26 July 2007

More imagery

Then again, if you really want to ponder political resemblances, there are these images to consider - more available here...

To the hottie belongs the spoils?

Ever since the Kennedy-Nixon debates, popular pundits have pontificated on the merits of a good-looking candidate. (Obviously, this was not much of a consideration for the country in the Lincoln-Douglas election.) But is this the ultimate example of style over substance? Or, is it simply a reflection of the realities of our current media era? Does the best-looking guy (or gal) always win? Do I sound too much like Carrie Bradshaw yet?

Seriously though, to what extent does appearance matter for the Leader of the Free World? If the most qualified, most compelling candidate happened to be ugly, would we vote for him (assuming it’s a “him”)? Does the omnipresence of the broadcast media compel us toward telegenic pols?

I pondered this question yesterday, as I attended a fundraiser for John Edwards. No, I’m not at the point of making an endorsement just yet, but I do like him enough to toss a few bucks his way. He spoke for about 15 minutes, and spent a considerable amount of time shaking hands and signing autographs thereafter. I think that Edwards is really finding his distinctively populist voice, and his stump speech was pretty solid. And I’m straight as can be, but damn, he is a good-looking guy.

What do you think? Is Mitt Romney more appealing because he looks so good in a ski jacket? Does Obama set your heart aflutter? Is John McCain too weary-looking, or Bill Richardson too dowdy? Would you consider Kucinich except for the fact that he reminds you of Dobby the House Elf?

To what extent does appearance matter? Have style and substance merged in our culture? Is that a bad thing? I’m thinking yes – I’m thinking that Lincoln would never get elected today, simply because of his ugly mug – and what a loss that would be for our nation. How do we get beyond this? How can we cajole the mass media into focusing more on substance and less on style? Maybe if we all read decent newspapers (e.g., the New York Times or LA Times) and listened to the radio (say, NPR) more often, and watched less TV (except for PBS, of course), we’d elevate ourselves? Who knows? Your suggestions are solicited.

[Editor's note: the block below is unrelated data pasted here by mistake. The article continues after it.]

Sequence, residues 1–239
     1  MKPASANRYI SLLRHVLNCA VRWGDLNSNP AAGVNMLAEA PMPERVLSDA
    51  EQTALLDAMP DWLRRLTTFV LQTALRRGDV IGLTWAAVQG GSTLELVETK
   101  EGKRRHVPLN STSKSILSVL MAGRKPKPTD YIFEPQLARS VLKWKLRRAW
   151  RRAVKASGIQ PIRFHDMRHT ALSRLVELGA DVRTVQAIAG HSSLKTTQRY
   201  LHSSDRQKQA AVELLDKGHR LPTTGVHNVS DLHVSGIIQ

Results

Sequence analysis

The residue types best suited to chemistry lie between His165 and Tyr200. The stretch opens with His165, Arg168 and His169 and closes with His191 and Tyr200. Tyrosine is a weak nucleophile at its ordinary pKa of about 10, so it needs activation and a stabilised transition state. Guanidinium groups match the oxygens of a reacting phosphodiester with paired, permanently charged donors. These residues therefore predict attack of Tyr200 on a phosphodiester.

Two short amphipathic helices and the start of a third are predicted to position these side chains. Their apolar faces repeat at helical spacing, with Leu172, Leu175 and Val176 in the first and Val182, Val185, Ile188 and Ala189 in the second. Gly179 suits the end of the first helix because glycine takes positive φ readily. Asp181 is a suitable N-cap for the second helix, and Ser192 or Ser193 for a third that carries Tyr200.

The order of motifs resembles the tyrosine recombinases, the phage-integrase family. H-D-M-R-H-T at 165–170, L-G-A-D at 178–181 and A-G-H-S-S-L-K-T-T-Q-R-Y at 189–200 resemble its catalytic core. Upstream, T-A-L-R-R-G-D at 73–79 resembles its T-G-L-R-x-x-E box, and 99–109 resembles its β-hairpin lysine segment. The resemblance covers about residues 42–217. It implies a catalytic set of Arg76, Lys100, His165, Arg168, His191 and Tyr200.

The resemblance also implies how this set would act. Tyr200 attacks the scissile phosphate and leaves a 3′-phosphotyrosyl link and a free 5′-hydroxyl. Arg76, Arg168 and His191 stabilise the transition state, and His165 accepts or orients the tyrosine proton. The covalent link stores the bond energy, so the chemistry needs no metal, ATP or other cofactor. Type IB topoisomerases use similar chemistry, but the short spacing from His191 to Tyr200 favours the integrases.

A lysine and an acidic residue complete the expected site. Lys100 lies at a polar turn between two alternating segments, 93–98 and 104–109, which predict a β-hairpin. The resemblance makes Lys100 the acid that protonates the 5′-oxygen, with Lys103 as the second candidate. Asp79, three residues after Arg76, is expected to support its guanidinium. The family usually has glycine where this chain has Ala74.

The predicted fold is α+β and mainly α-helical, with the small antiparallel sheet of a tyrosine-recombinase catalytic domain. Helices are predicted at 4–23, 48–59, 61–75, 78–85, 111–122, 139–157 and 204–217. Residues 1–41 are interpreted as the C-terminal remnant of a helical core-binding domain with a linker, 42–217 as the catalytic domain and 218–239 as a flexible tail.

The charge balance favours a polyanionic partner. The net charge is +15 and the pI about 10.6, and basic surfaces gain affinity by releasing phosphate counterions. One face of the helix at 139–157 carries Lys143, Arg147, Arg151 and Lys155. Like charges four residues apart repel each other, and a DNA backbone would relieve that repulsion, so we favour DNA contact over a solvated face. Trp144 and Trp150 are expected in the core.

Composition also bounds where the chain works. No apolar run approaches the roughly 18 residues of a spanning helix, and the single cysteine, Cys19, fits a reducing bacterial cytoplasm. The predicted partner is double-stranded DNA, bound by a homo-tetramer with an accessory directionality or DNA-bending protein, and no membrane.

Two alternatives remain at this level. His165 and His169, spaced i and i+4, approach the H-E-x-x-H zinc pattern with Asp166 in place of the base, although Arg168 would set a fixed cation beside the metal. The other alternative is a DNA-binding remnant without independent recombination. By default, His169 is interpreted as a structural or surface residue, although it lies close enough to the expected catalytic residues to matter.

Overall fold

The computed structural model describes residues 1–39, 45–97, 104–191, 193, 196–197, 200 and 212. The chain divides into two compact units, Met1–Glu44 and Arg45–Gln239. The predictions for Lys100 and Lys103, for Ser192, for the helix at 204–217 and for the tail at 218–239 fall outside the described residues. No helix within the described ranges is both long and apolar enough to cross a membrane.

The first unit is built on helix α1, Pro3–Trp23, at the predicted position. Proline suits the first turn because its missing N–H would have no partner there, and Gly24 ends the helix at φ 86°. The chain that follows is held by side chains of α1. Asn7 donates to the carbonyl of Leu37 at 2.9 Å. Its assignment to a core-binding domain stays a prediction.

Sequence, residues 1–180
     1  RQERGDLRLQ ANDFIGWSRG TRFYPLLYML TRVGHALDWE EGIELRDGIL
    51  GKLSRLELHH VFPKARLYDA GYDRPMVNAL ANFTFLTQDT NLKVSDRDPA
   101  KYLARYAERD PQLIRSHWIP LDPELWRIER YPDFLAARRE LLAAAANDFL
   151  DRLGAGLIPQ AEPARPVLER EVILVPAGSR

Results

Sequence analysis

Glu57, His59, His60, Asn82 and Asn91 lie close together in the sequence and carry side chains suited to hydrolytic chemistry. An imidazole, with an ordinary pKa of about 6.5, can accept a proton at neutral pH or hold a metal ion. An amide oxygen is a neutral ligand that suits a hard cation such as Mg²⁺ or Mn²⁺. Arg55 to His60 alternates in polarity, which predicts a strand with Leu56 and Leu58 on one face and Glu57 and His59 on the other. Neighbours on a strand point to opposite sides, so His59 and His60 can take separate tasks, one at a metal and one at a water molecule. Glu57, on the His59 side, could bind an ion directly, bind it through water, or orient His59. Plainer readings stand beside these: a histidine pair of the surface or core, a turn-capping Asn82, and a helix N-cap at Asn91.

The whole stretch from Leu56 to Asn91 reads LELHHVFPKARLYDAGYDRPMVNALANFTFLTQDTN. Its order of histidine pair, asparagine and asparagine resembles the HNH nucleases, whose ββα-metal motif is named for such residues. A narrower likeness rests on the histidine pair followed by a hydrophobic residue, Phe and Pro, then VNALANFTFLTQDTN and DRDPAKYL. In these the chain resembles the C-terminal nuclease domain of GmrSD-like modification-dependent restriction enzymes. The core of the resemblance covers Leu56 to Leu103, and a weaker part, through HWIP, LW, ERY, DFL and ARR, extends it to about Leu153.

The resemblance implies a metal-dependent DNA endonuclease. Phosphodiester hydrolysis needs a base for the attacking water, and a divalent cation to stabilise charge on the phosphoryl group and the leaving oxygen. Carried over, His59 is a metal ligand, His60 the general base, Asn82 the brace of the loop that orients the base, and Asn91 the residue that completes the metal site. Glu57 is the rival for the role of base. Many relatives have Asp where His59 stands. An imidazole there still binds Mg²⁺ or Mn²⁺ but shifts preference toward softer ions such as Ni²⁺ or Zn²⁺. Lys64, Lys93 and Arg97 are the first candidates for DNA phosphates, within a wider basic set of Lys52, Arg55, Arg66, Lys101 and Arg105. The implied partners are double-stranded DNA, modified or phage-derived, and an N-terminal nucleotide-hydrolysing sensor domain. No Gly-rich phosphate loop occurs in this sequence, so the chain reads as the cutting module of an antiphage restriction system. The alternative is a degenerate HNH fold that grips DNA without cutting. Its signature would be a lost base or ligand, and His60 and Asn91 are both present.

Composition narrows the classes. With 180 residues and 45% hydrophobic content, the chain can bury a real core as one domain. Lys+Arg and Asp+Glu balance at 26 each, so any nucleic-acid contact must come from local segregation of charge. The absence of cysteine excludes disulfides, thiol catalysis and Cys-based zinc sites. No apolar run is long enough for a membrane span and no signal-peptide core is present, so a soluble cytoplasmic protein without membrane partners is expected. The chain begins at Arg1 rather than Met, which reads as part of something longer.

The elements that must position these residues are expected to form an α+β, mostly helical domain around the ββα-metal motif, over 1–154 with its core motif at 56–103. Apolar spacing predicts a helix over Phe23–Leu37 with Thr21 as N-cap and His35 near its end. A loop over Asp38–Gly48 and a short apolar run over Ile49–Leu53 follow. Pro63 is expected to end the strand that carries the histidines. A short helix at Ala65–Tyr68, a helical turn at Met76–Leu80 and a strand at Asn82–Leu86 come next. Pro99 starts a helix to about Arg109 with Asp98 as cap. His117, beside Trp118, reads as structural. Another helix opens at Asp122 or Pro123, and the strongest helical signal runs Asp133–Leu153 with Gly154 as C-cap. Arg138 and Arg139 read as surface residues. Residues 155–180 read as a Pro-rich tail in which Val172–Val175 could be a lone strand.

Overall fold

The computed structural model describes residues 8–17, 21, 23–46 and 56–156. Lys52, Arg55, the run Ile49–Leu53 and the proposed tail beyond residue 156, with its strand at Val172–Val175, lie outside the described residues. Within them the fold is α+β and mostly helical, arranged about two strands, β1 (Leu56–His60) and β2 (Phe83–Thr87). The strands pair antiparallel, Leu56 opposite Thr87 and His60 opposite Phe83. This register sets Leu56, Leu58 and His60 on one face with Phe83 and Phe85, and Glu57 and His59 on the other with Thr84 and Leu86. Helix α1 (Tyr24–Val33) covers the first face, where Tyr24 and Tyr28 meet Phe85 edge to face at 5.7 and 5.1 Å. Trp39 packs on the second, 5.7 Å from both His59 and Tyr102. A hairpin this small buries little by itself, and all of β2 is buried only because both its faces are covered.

21 July 2007

Or maybe the answer is "no religion"...

You'll recall from my last post (or if you don't recall, scroll down to read it first) that in response to the Vatican's recent machinations I challenged my readers to go out and prove that the antidote to bad religion is good religion, rather than no religion. Note that I didn't endorse that assertion; rather, I asked that others take up the challenge to prove it (admittedly, more by their actions than by argument).

However, the first cogent reply to this challenge was from someone arguing for the opposite antidote. My man KA, philosopher (and oenophile) at-large, has this reply to my prior post. I encourage you to go check it out and see what you think. Is all religion a poison, with rationality and philosophy the only antidotes? Is there no such thing as "good religion"? Read, ponder, and offer feedback.

19 July 2007

I’d hate to see the false churches…